The best tips for designing a small garden

Limited outdoor space doesn't have to be restrictive. Here are some helpful tips from four well-designed small gardens.  


When your outdoor space is limited, it can be hard to think outside the box and come up with imaginative ideas to use the space you have effectively. In the small garden special, Gardens Illustrated chose four compact gardens that think big when it comes to small space. Here, each designer shares their small garden tips to give you some useful design ideas.  


Designing a small garden

Nicola Lesbirel's garden in north London has a strong structure but her planting is constantly evolving. Here are her top tips for making a small garden feel bigger.

1 Spend money on the best materials you can afford for hard landscaping and this will stand you in good stead. If your garden has good bones you can relax about the planting.
2 Don’t mix too many different materials. Create families of pots and group them so they are either the same size or the same glaze, such as terracotta or salt glaze.
3 Think carefully about where you are going to place key plants, such as specimen trees and shrubs. You can plant trees near to a house if the foundations are up to it.
4 The challenge is not how many plants to put in but what to leave out. As a general rule of thumb, I would use a larger quantity of a few species, rather than small numbers of lots of different plants – you need to create focal points where the eye can stop, breathe and relax. Nicola likes to use controlled larger shapes as a foil for planting that can then dance in front.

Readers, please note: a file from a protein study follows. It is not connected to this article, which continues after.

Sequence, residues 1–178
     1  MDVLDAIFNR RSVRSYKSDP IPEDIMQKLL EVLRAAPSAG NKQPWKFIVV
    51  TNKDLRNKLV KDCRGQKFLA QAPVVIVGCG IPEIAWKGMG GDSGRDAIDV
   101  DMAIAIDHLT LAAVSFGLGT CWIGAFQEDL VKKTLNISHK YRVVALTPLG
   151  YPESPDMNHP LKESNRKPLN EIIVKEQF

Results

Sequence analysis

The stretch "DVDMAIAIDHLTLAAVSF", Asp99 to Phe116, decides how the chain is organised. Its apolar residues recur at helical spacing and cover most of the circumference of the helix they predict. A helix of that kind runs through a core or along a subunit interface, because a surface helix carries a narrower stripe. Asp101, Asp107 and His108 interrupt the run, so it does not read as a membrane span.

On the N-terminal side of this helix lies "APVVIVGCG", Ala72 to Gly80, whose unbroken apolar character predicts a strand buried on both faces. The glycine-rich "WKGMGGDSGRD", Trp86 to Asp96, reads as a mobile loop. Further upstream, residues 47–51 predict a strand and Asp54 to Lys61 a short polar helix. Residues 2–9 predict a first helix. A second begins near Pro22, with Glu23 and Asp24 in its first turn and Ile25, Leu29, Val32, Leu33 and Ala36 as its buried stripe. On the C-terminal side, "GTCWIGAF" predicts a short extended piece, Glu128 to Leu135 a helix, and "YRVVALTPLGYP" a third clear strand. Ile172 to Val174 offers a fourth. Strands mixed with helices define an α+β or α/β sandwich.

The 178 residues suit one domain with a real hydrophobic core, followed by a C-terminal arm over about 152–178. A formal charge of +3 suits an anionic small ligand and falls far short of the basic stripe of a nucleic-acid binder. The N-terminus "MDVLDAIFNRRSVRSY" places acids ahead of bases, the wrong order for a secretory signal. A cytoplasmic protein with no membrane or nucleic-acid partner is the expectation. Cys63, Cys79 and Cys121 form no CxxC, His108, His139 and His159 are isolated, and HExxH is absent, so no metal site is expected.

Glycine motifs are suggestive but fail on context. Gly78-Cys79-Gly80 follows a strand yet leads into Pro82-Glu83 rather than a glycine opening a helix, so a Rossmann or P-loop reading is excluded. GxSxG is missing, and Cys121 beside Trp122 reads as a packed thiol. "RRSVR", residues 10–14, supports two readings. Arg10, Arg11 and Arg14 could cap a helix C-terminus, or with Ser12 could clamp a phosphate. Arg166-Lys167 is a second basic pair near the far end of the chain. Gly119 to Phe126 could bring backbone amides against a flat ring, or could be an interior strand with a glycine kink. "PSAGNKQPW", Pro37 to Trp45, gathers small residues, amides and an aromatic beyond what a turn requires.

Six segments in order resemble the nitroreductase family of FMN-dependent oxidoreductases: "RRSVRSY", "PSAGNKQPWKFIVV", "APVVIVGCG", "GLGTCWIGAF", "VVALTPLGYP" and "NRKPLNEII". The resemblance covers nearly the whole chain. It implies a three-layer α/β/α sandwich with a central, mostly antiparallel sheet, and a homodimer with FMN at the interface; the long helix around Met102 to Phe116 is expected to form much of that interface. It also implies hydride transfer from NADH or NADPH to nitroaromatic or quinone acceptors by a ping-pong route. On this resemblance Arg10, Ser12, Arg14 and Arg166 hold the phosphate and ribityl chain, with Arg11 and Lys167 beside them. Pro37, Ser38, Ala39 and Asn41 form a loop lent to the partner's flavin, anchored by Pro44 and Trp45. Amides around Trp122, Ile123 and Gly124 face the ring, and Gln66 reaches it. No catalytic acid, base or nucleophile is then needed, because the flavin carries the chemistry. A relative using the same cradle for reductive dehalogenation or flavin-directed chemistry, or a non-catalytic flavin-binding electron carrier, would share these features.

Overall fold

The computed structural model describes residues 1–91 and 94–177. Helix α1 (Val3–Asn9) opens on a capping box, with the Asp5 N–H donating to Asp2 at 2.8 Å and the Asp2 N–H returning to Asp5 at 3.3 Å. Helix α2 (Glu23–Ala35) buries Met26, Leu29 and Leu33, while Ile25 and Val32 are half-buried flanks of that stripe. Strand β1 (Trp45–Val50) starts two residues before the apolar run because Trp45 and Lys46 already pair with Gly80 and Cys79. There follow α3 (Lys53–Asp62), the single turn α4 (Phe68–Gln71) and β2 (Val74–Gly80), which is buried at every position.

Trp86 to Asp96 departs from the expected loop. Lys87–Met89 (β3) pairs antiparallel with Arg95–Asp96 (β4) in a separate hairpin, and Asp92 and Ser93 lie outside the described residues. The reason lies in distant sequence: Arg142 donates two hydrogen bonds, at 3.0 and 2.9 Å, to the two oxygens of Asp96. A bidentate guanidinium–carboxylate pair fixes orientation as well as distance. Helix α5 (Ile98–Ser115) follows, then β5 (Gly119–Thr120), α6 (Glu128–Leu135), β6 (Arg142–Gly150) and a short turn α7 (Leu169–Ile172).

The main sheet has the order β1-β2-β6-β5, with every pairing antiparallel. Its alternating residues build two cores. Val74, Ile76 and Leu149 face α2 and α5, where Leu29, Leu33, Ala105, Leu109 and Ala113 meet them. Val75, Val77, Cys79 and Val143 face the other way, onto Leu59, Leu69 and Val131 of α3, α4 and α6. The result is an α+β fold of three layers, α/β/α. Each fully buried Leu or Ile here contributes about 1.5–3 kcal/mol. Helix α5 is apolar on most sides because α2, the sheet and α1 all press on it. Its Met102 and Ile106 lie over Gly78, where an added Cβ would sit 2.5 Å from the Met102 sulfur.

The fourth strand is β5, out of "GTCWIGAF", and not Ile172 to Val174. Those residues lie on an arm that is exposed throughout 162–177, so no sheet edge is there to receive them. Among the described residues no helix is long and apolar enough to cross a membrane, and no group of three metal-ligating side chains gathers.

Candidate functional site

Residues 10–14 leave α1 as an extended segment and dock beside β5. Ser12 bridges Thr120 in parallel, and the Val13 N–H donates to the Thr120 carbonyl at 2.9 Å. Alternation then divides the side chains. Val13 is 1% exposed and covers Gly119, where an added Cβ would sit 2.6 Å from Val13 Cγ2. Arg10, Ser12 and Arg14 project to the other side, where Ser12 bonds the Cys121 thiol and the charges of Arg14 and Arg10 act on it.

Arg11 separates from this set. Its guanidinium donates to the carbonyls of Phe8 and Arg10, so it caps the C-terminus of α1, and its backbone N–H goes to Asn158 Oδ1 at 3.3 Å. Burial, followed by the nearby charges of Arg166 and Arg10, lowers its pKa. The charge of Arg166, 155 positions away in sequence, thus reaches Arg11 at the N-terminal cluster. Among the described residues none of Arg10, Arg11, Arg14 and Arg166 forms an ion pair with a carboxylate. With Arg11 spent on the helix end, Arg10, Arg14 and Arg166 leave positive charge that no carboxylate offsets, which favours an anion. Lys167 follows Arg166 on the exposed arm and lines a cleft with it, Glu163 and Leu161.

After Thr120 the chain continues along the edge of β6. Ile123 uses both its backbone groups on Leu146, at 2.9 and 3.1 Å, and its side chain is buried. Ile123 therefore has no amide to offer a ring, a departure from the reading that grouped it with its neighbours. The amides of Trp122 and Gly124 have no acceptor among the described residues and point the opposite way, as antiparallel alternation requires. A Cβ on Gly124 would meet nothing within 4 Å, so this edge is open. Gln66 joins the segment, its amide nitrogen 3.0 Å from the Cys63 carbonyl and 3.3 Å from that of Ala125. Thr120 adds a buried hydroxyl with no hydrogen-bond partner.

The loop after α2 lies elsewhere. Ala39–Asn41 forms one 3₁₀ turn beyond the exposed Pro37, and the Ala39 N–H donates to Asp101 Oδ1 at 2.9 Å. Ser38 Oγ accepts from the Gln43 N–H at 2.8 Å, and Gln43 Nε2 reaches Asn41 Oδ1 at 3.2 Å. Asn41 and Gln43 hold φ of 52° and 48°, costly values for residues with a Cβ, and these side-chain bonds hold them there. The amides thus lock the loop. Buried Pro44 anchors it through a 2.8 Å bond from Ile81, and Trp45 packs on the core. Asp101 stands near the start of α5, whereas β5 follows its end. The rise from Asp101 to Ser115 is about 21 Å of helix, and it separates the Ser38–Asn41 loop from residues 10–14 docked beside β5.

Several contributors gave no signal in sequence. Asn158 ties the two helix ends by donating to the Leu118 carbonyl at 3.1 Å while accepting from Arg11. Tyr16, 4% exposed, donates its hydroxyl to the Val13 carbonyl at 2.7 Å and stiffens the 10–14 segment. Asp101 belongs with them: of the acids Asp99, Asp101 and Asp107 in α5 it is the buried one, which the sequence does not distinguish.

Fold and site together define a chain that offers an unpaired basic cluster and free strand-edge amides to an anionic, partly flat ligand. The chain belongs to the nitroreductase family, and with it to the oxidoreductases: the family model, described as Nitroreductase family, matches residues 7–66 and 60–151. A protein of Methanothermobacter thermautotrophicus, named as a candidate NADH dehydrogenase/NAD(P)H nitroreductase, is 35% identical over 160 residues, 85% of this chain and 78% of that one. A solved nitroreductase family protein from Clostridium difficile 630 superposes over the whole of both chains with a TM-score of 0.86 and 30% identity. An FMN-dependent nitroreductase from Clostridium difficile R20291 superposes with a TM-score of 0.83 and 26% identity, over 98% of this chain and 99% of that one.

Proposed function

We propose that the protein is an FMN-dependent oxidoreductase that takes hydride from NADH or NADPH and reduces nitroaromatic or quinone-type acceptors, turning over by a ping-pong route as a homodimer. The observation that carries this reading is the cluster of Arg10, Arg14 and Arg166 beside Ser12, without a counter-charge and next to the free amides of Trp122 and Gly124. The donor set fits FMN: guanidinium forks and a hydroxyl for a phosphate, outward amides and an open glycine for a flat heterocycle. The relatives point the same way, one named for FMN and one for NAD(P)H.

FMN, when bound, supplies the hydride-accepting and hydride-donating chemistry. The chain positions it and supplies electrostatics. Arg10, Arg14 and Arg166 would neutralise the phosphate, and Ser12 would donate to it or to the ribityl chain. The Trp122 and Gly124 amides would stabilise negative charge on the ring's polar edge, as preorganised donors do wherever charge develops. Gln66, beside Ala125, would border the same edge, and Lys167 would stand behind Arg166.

5 Don’t forget about the practicalities. Take time with your soil preparation – this really is worth the effort. Also plan for storage and practicalities, such as your water supply, before you start planning the planting. And choose furniture that can live permanently outdoors.


Dealing with shade

An award-winning garden in San Fransisco employs a host of clever devices to make a small and shady space appear light and large. Designer Scott Lewis gives five tips for planting up a shady garden.

1 Plan for texture. Combine deciduous plants with interesting winter form, broadleaf evergreens for a base foundation and perennials for seasonal interest. Conifers can
provide an unusual textural accent.
2 Consider the hard landscaping. This is an important part of the overall composition. Take time to choose the appropriate stone, gravel, concrete, wood or metal, and don’t just look at them in bright light – evaluate what materials look like in shade and when wet with rain.
3 Use a green and white palette. This simplest of colour schemes works especially well in shade. Combine different green leaf textures with a variety of white-flowering plants, and be sure to incorporate some variegated plants for additional interest.
4 Include some ferns. Ferns are dependable in shade and provide great texture, either as individual clumps or en masse. Some prefer dry shade; others are happy in damp conditions.
5 Use plants with small delicate flowers, such as those you might find in a natural woodland. These act as a contrasting tracery against the mass of textured foliage. Some, such as Sarcococca ruscifolia, offer the bonus of winter scent.


Interiors tips for small gardens

In east London, interior designer Abigail Ahern has broken all the gardening rules to create a quirky outdoor room that's as stylish as her interiors. Here are her tips on texture and colour.